Bush Says Family Did Nothing Wrong
A day after the Pacific 10 Conference confirmed it was investigating the living arrangements of Reggie Bush’s family last season, the Heisman Trophy winner and his representatives Monday denied wrongdoing.
Bush, who helped lead USC to consecutive Associated Press national titles and is regarded as the possible top pick in Saturday’s NFL draft, appeared in two nationally televised interviews and said neither he nor his family had broken NCAA rules.
“When this is all said and done everyone will see at the end of the day that we’ve done absolutely nothing wrong,” Bush told ESPN.
If an investigation shows that Bush or his family received what the NCAA would classify as “extra benefits,” USC could face sanctions even if it was determined that the running back and representatives of the school had no knowledge of the violations.
While he would not speak specifically about the Bush situation, NCAA spokesman Erik Christianson said, “Ultimately there is still a responsibility for institutions and student athletes to abide by rules.”
Because he has no remaining eligibility, Bush would not face punishment by the Pac-10 or NCAA, but Bush’s status as a Heisman winner could be reviewed.
The board of trustees for the Heisman Trophy Trust, which presents the annual award, has been made aware of the Pac-10’s investigation and will monitor the outcome, according to Heisman spokesman Tim Henning.
“To the best of our knowledge, nothing like this has happened before,” Henning said. “Until such time that the Pacific 10 Conference and NCAA conclude their investigations, the Heisman Trust will have no comment.”
Henning said, though, that language on the Heisman ballot states, “The recipient must be in compliance with the bylaws defining an NCAA student athlete.”
Whatever the outcome, Pac-10 Commissioner Tom Hansen said USC would not lose its bowl championship series payout -- a share estimated at $1.3 million -- if infractions were found and Bush was ruled ineligible.
“We don’t have financial penalties as part of our penalties,” he said. “And the NCAA doesn’t in football.... They can get you for an NCAA championship [in basketball and other sports], but not a bowl game.”
Hansen, though, reiterated that forfeiture of games, and the conference title, could be among penalties if violations occurred.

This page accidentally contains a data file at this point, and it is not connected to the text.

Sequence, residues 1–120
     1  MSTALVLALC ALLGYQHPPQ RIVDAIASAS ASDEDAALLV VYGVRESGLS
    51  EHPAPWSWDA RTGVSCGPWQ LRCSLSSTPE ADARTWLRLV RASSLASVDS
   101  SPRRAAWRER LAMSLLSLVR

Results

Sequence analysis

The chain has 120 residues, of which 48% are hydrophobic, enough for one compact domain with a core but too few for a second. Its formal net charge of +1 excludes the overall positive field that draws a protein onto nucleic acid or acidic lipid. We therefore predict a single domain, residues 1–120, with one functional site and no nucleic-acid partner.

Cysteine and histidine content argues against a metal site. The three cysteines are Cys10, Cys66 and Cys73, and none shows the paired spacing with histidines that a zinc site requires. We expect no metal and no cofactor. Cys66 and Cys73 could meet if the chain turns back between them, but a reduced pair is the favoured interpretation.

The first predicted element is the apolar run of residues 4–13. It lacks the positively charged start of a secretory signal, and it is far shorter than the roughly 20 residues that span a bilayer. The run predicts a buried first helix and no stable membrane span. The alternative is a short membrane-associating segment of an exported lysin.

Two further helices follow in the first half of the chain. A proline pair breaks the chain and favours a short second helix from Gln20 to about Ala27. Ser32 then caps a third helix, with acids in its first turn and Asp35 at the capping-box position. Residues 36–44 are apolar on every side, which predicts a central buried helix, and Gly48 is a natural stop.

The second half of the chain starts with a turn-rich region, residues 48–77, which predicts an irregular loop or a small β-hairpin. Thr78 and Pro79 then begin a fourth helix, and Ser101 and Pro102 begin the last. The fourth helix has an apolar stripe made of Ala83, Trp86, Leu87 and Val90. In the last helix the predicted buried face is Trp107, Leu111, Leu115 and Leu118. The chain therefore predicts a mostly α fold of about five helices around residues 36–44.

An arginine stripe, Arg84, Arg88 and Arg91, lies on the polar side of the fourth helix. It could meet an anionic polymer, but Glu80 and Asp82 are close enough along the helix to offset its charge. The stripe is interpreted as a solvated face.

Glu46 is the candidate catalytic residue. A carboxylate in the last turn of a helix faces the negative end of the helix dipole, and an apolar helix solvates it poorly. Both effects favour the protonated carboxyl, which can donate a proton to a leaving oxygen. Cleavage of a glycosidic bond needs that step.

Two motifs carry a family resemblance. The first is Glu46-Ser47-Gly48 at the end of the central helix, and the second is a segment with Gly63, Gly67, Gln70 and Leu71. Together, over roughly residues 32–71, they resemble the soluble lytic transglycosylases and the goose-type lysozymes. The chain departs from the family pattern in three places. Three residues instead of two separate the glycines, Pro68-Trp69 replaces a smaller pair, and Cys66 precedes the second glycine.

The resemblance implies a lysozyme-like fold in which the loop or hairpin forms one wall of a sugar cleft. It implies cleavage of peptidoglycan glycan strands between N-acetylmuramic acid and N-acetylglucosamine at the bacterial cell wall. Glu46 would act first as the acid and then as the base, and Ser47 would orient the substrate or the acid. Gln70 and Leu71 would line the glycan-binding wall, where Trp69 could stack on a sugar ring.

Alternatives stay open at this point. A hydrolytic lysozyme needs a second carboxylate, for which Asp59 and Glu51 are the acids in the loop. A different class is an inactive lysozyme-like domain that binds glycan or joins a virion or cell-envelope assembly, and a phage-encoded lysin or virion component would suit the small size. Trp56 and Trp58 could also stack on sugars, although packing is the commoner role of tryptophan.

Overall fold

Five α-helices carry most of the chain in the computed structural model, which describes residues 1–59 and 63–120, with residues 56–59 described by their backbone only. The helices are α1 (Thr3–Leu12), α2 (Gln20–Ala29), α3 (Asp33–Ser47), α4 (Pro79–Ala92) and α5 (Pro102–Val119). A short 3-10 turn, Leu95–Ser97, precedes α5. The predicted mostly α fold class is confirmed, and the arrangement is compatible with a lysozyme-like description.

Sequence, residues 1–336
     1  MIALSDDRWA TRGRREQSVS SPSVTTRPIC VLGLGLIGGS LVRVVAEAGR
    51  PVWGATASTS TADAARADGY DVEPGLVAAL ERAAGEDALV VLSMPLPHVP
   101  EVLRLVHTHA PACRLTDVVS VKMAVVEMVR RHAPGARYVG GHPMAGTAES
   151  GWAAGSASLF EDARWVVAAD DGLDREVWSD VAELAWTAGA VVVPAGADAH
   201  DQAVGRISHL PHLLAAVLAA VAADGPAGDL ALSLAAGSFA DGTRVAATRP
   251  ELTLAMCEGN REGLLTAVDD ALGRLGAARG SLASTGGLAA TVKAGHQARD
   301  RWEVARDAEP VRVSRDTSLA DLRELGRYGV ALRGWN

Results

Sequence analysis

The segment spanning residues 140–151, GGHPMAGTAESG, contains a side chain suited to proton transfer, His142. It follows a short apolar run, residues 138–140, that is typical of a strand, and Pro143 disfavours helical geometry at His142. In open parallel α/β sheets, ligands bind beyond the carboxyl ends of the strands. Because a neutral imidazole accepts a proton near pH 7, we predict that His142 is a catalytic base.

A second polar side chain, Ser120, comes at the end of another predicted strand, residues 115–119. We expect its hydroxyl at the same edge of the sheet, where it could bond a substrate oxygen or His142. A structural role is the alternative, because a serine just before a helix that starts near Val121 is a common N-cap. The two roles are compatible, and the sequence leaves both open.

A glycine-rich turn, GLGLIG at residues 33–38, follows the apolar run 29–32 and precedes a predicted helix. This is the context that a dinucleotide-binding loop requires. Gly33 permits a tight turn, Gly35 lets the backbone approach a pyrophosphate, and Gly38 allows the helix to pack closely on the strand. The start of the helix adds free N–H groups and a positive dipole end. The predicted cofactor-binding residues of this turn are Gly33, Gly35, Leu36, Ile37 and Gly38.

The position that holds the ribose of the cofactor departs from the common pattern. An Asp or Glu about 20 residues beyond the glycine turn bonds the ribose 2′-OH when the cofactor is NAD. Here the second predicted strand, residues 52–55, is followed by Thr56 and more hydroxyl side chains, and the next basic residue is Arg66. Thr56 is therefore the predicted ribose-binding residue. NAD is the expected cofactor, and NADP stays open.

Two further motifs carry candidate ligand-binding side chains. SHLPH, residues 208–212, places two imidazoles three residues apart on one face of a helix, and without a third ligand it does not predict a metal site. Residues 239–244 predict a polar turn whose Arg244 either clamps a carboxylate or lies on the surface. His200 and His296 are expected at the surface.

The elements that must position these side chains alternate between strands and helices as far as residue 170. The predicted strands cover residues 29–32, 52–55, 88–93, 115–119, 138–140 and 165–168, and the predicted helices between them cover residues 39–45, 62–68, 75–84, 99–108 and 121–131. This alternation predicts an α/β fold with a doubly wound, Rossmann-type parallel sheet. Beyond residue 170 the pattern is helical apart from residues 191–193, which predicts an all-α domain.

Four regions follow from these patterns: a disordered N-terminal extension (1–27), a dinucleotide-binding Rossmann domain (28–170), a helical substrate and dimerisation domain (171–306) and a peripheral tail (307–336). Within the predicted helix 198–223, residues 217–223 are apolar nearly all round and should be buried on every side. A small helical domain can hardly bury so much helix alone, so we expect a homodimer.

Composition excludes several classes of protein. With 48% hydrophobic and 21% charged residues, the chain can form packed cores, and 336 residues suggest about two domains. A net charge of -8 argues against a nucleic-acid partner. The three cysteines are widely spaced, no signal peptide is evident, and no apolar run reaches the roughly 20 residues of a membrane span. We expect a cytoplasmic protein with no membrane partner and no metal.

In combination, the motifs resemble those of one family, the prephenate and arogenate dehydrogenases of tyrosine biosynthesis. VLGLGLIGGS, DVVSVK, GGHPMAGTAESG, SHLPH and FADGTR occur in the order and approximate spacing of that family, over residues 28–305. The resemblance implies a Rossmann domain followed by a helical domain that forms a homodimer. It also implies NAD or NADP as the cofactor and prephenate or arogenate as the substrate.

“I want to caution that’s a long way from where we are now,” Hansen said. “I think all of us have seen so often there are allegations made, then you get to the heart of the matter there’s nothing there.”
According to several published reports, Bush’s mother, stepfather and brother had lived for the last year in a spacious new home in Spring Valley, Calif., near San Diego, before moving out last weekend. The reports said the house was originally purchased by Michael Michaels, a man who allegedly tried to steer Bush toward an agent and who also allegedly has ties to a sports marketing company.
The reports said Michaels and an associate contacted David Caravantes, a San Diego-based agent, and offered to help recruit Bush.
In January, however, Bush announced he had hired Joel Segal as his agent. Mike Ornstein, who is a Reebok advisor and also a former NFL team executive, was retained to head up Bush’s marketing team.
USC Coach Pete Carroll said Monday he had not been aware of Bush’s parents’ living arrangements and that USC would cooperate with the Pac-10’s investigation. The probe was started at the request of the school after it received inquiries late last week about the situation.
Bush was not made available to print reporters Monday. His mother, Denise Griffin, and stepfather, LaMar Griffin, also could not be reached.
Neither Michaels nor Caravantes returned phone messages.
Ornstein on Monday referred most media requests for Bush to David Cornwell, an Atlanta-based attorney who represents the running back and the Griffins. In a statement e-mailed to news organizations, Cromwell said: “Mr. and Mrs. LaMar Griffin previously leased a house in the San Diego area from a San Diego businessman, Michael Michaels. They are no longer living in the house.
“Reggie Bush was a full-time student at the University of Southern California and never lived in the house. As is the case with most 20-year-old college students, Reggie was not aware of personal or financial arrangements relating to his parents or their house. Mr. and Mrs. Griffin now realize that, given Reggie’s public profile, their personal decisions can reflect on their son.”
Ornstein and Bush said the Griffins did not move abruptly from the home last weekend because of reporter inquiries. Ornstein said the move had been planned and that the family was now renting another house with an option to buy. He said he did not know where the home was located.
Ornstein said Bush was unaware of the lease terms at the previous house.
“He’s been to that house one time in 14 months, for Thanksgiving, probably not even for Christmas,” Ornstein said. “How’s he supposed to know what’s going on?”
Asked whether he knew Michaels or Caravantes, Ornstein said, “I don’t know any of these people. I never met them, never heard of them.”
Bush told ESPN that the situation had been “blown out of proportion.” Asked whether he was concerned that USC might be punished for the arrangement, he said, “absolutely 100% not concerned.”
Later, appearing on Fox Sports’ “Best Damn Sports Show Period,” Bush bemoaned that allegations surfaced days before the draft.
“It’s a burden and it’s a headache, but at the same time I’ve worked too long, too hard and come too far to let it go right now.”
Times staff writers Chris Dufresne and Sam Farmer contributed to this report.